Should a girl do soccer, dance, or chess? It depends on what kind of a woman her mom and dad want her to become.
Hilary Levey Friedman
Aug 6 2013, 10:42 AM ET
Girls today grow up in a world with an unprecedented set of educational and professional opportunities. More of them will graduate from college and earn advanced degrees than ever before, and all professions are open to them. Although the activities of girls and boys have converged over time, there are still distinctive paths for each sex, and many children’s activities are still associated with particular aspects of feminine or masculine identity.
How do parents of girls navigate this often-difficult terrain? To answer this question, I’ll focus on 38 families I met and interviewed who have at least one elementary school-age daughter currently involved in competitive chess, dance, or soccer. These families are a subset of the 95 families I met while researching Playing to Win: Raising Children in a Competitive Culture. Over the course of 16 months I interviewed nearly 200 parents, children, and teachers/coaches involved with these competitive after-school activities in six different organizations, three in the suburbs and three in an urban setting. While boys were also part of the larger study, what I found about girls and competition was especially intriguing for what it says about who these young women might grow up to become.
Unlike masculinity, multiple forms of femininity are seen as acceptable by parents and by children, so it’s not surprising that different gender scripts emerged for each of the three activities. The names of these different gender scripts–“graceful,” “aggressive,” and “pink”–all came from language used by parents of girls in interviews. They help us understand how parents choose among different activities for their daughters.
Pink Warrior Girls
Like soccer girls, chess girls are encouraged to be aggressive. But this aggression is slightly different because chess is not a physical game. Unlike dance and soccer, chess is a primarily a mental competition, so physical femininity is not an issue at competitive events. With the lack of physicality, the femininity associated with chess is more inclusive. Chess promotes a hybrid gender script for the small group of girls who participate. These girls learn to be aggressive, but they also can focus on a feminine appearance if they so choose.
Chess allows girls to be what one mother of two sons described to me as a “pink girl”: “These girls have princess T-shirts on. [They have] rhinestones and bows in their hair–and they beat boys. And the boys come out completely deflated. That’s the kind of thing I think is so funny. That girl Carolyn, I call her the killer chess player. She has bows in her hair, wears dresses, everything is pink, Barbie backpack, and she plays killer chess.”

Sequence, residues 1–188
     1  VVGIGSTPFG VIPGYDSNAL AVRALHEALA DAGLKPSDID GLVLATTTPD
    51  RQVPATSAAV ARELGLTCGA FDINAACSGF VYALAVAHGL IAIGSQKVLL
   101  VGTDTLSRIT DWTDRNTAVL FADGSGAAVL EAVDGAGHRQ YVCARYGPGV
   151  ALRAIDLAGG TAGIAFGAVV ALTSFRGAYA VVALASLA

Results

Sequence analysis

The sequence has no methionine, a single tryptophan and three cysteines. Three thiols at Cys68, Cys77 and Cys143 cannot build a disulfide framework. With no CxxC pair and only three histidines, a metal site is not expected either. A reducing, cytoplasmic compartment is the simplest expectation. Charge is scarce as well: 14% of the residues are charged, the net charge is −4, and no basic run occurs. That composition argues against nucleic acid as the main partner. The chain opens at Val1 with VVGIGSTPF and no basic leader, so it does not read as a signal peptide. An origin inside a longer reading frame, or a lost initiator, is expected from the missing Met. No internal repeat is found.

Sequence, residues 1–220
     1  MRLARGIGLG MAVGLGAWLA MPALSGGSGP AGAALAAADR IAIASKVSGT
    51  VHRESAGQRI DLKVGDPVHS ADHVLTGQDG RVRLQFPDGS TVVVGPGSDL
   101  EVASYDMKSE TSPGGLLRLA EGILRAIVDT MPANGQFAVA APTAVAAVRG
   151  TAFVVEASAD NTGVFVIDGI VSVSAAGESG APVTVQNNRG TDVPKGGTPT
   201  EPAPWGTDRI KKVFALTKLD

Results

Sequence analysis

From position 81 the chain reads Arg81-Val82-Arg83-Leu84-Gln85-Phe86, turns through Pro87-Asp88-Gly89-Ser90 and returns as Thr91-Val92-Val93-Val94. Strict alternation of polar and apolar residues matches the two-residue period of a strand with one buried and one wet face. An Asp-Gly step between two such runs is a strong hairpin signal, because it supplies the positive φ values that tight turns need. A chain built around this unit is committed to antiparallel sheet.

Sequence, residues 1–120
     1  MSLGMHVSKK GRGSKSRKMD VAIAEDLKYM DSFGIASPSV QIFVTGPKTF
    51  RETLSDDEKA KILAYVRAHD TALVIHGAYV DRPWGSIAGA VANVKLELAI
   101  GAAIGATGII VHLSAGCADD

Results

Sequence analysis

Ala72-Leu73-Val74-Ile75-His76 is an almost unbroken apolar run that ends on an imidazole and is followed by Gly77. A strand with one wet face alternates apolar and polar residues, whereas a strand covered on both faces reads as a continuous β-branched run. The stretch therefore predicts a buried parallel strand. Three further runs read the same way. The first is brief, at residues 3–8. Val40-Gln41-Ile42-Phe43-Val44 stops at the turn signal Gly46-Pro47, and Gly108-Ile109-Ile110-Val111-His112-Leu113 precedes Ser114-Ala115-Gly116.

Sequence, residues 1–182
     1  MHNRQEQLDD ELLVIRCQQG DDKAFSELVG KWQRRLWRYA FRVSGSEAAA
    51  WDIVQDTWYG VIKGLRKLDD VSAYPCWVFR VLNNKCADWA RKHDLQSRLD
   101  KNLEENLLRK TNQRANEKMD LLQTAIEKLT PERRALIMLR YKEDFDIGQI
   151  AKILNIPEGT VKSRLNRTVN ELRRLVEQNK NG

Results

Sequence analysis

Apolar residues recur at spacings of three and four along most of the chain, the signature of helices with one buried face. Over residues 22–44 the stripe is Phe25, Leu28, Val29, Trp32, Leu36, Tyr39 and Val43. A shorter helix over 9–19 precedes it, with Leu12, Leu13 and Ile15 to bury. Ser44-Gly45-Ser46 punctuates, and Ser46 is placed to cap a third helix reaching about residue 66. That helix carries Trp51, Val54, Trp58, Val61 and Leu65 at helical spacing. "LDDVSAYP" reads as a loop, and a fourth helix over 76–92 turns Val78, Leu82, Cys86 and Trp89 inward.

That a winning girl can look so feminine has an especially strong effect on boys, and their parents. A chess mom described how a father reacted negatively when his son lost to her daughter: “The father came out and was shocked. He said, ‘You let a girl beat you!’ “
Most of the chess girls I met are not “pink girls” in the sense that they don’t dress exactly like Carolyn. But in chess there is the chance to be both aggressive, like a warrior, and girly, embracing pink. The pink warrior gender script allows girls to be aggressive and assertive but still act in a normatively feminine way–if they want to do so.
For people affiliated with scholastic chess, it matters that the game is not physical. For example, when I spoke with Susan Polgar–the first female Grandmaster, a leading advocate for girls in chess, and an author on gender and chess–she said the fact that chess is not a physical game is important in its promoting gender equality: “Well, I think girls need to understand that, yes, they have equal potential to boys. I think that chess is a wonderful tool as an intellectual activity, where girls can prove that unlike in physical sports, because by nature maybe boys are stronger or faster, in chess women can prove equal.”
Many parents actively use chess as a way to teach girls that they should have similar opportunities as boys. A chess mom explained, “We’re raising her . . . to be feminist. And so she says she wants to be a Grandmaster or the president [of the United States]. She doesn’t have any ideas about gender limitations and I think that’s a good thing.”
Despite its not being a physical game, there are more similarities between soccer and chess than between dance and chess because of the focus on aggression. With their head-to-head competitive match-ups, both chess and soccer are closer to hegemonic masculinity, hence the warrior component to the chess gender script. Those who write about chess often focus on this aggression and what it means for women…. Author Jennifer Shahade, herself a chess master, explains that in chess the common epithet “playing like a girl” actually means playing with a lot of aggression.
Despite, or perhaps because of, this aggression, girls are a distinct minority in scholastic chess. More elementary school-age girls participate in tournaments than at any other age, but they are far less than half the number of participants in coed tournaments. This is a problem that organizers seek to address by offering “girls only” tournaments, giving separate awards to the highest achieving girl and boy, and maintaining separate top-rating lists for girls and boys. Some feel this approach is negative, only reinforcing the feeling that girls can never be as good as boys, and advocate against it, but many of the parents I met feel that the additional attention and success can keep girls involved.